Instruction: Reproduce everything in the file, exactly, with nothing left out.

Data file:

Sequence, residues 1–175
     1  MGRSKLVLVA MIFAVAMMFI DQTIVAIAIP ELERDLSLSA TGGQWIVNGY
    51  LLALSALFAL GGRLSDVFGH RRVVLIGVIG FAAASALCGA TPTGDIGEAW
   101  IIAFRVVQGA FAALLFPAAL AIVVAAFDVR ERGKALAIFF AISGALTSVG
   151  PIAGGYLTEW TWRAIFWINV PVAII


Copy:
Sequence, residues 1–175
     1  MGRSKLVLVA MIFAVAMMFI DQTIVAIAIP ELERDLSLSA TGGQWIVNGY
    51  LLALSALFAL GGRLSDVFGH RRVVLIGVIG FAAASALCGA TPTGDIGEAW
   101  IIAFRVVQGA FAALLFPAAL AIVVAAFDVR ERGKALAIFF AISGALTSVG
   151  PIAGGYLTEW TWRAIFWINV PVAII